Glucose dependence of cancer cells

Warburg observed that most cancer cells predominantly produce energy by a high rate of glycolysis followed by lactic acid fermentation in the cytosol. By contrast, most normal cells produce energy by a comparatively low rate of glycolysis followed by pyruvate oxidation in the mitochondria. A cancer cell requires more glucose because its metabolism is inefficient compared with normal cells. Exploiting this difference between cells, Walker-Samuel et al. developed a new technique for detecting cancer by imaging the consumption of sugar with magnetic resonance imaging (MRI) [1]. In this technique, large amounts of glucose taken up by tumors appear as bright images on the MRI scan. This method demonstrates that cancer cells absorb more glucose than normal cells. Although limiting glucose intake could reduce cancer growth, I do not advocate completely avoiding glucose intake, but rather minimizing it as much as possible.

Iron is required for cancer cell proliferation

Lam stated that “Iron is required for cell division, and it is well known that many cancer cell types selectively accumulate iron for this purpose. Most cancers have a large number of iron-attracting transferring receptors on their cell surface compared with normal cells. The Chinese herb artemisinin works via highly reactive oxygen-based free radicals that are activated in the presence of iron [2].” Hann et al. showed that tumors grow more slowly and were smaller in mice on a low iron diet than in mice on a normal iron diet [3].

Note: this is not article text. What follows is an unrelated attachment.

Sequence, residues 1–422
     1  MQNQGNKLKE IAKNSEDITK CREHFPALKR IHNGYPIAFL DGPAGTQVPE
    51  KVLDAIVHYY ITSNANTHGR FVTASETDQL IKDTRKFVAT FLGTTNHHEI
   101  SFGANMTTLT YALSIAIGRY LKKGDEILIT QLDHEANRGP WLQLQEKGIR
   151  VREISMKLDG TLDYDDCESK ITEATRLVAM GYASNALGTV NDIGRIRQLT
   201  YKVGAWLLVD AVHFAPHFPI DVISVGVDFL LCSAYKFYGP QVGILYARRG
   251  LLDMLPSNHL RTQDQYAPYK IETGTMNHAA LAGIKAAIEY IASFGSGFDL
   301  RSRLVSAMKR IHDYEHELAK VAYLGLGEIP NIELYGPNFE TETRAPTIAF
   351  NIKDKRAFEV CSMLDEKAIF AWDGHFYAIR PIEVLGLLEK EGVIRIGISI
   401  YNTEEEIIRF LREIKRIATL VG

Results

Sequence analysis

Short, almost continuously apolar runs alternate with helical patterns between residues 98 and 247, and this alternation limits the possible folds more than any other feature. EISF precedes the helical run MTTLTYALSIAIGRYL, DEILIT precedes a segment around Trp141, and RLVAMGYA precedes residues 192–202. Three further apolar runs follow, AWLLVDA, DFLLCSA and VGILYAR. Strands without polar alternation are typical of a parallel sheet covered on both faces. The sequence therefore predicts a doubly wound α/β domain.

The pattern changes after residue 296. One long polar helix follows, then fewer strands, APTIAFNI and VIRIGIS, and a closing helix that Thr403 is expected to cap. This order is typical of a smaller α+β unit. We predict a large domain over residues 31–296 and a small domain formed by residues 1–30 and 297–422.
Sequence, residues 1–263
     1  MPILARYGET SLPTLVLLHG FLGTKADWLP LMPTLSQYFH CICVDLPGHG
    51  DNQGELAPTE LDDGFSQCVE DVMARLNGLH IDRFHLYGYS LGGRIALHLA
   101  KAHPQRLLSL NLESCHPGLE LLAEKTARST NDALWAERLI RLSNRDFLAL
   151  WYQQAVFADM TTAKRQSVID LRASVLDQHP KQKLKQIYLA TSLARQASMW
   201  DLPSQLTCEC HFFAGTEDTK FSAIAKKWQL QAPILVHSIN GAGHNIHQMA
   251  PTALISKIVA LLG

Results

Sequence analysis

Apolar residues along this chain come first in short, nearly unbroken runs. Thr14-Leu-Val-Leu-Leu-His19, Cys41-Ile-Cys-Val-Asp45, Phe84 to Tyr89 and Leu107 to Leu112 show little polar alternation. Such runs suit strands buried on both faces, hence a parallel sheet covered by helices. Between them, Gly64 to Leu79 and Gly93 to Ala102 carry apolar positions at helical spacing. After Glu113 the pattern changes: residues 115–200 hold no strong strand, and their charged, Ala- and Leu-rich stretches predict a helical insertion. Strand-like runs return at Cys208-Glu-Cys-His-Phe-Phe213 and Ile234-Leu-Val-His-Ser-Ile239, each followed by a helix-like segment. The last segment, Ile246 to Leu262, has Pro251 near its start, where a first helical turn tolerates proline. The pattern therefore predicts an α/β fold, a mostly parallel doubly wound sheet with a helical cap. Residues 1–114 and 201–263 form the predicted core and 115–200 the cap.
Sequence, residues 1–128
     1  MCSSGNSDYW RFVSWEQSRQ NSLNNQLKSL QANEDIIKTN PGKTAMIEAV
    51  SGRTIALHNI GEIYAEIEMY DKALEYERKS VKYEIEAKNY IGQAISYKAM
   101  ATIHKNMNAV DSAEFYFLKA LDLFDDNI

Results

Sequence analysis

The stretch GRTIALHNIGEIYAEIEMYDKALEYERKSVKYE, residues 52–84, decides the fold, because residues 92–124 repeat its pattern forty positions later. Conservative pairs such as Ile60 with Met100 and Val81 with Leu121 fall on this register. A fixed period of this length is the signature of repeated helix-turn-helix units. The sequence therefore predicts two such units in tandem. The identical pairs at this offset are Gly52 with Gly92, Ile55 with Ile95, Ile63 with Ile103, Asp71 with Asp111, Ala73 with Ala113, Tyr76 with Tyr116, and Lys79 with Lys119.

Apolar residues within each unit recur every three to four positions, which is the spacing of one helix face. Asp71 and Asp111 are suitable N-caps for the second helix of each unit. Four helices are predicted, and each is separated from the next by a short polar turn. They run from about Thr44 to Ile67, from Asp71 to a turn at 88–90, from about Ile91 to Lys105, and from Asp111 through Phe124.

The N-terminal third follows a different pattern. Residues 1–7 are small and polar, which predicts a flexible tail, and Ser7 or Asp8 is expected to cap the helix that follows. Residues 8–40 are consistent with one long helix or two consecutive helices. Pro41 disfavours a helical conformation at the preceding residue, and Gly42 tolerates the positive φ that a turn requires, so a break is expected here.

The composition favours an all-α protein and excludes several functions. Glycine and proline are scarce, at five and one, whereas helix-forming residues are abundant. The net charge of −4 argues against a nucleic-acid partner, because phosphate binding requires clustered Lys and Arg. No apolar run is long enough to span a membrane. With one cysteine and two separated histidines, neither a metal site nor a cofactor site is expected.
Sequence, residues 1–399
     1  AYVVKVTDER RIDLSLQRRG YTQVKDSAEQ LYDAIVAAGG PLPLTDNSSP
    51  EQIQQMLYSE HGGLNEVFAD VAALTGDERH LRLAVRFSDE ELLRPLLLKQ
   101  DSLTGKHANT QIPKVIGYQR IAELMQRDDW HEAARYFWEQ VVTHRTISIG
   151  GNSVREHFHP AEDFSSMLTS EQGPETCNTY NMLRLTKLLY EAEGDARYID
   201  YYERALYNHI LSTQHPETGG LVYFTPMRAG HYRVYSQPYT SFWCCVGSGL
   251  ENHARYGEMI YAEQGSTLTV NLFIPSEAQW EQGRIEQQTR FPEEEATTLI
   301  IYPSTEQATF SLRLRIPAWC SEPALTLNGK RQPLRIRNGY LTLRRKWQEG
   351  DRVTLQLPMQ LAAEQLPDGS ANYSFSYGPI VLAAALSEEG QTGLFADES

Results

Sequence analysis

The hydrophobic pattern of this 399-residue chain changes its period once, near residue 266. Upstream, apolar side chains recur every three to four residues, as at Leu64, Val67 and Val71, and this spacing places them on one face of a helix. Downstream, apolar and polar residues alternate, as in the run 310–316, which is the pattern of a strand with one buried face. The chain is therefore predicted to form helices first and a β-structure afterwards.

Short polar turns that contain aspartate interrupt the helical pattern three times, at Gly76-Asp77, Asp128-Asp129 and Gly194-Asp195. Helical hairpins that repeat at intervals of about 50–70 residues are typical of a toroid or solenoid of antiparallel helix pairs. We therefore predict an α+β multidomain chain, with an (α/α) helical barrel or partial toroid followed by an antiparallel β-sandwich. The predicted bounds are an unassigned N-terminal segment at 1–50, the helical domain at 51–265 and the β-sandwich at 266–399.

Mechanical vibration

Zhang et al. designed a dynamic magnetic field generator that could induce rotational movements of superparamagnetic iron oxide nanoparticles (SPIONs). They hypothesized that the shear forces created by the generation of oscillatory torques (incomplete rotation) in SPIONs bound to lysosomal membranes would cause membrane permeabilization, leading to the extravasation of lysosomal contents into the cytoplasm and the induction of apoptosis [4]. However, because the nanoparticles were able to damage normal cells as well as cancer cells, I do not suggest the use of nanoparticles to directly kill cancer cells, but instead to only disturb them. Mechanical vibration may disturb cancer cells more than normal cells, and it is envisioned that the immune system may recognize these disturbed cancer cells.